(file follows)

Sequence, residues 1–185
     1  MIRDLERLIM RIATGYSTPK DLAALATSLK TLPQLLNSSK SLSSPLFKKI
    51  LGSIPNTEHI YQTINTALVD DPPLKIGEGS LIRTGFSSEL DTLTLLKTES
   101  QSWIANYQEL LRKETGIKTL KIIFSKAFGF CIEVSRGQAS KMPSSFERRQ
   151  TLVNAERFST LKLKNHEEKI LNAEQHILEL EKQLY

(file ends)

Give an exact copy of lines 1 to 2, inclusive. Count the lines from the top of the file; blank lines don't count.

Sequence, residues 1–185
     1  MIRDLERLIM RIATGYSTPK DLAALATSLK TLPQLLNSSK SLSSPLFKKI